China had about 60 million MSEs, or 99 percent of the total number of enterprises. MSEs had great potential to contribute to GDP growth and job creation. However, one major obstacle for MSE growth was lack of finance. In 2005, almost no banks in China lent to MSEs. Lending interest rates were controlled so that banks were not allowed to set higher rates to cover the associated costs and risks. Consequently few banks believed that lending to MSEs could be commercially sustainable. Nor did banks have the capacity and skills such as the credit risk assessment skill required, even if they wanted to lend to MSEs.
Recognizing the essential role of MSEs in the economy, the Chinese government had tried different ways to promote MSE finance, including fiscal subsidies, preferential tax treatments, risk compensation funds and credit guarantee schemes. Yet all these measures failed to achieve the desired sustainability and outreach.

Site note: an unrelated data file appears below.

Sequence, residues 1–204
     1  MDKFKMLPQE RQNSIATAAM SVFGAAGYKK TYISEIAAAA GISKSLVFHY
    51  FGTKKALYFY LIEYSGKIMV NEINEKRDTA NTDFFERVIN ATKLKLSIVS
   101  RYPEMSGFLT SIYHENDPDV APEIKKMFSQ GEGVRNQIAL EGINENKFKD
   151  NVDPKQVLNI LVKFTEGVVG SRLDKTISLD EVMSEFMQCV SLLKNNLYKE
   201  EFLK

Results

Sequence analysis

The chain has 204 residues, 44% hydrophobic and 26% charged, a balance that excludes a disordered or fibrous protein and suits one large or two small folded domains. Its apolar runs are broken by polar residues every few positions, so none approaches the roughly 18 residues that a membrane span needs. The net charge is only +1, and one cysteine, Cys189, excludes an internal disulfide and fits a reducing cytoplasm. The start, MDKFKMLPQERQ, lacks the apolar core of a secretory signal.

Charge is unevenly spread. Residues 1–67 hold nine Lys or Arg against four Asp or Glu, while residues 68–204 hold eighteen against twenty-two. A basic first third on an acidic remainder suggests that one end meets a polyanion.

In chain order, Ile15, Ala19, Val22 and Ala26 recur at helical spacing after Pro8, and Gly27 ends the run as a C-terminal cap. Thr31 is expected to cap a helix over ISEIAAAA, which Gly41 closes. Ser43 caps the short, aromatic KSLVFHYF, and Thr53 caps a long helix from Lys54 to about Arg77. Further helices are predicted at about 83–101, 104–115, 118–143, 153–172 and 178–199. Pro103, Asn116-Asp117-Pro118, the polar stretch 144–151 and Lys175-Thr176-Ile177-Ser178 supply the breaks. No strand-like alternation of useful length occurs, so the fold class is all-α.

The World Bank has been working with the Chinese government to promote MSE and rural financing since 2003, by adopting a strategy which combined policy dialogues to catalyze policy reforms and regulatory changes with financial and technical support to unleash commercially-oriented MSE lending by financial institutions.
To demonstrate that MSE lending can be sustainable, the World Bank joined hands with KfW, Germany’s development bank, to provide financial and technical support to the China Development Bank (CDB) to lend loans to MSEs through participating banks. 12 banks were selected to participate in the project, and support was provided to develop their institutional capacity, systems, human resources and risk management skills to effectively engage in MSE lending. MSE lending technologies that had been developed and validated in some Eastern European and Central Asian transition economies were introduced. The objective was to lay a foundation for progressive, nationwide scaling-up of commercially-sustainable MSE financing services.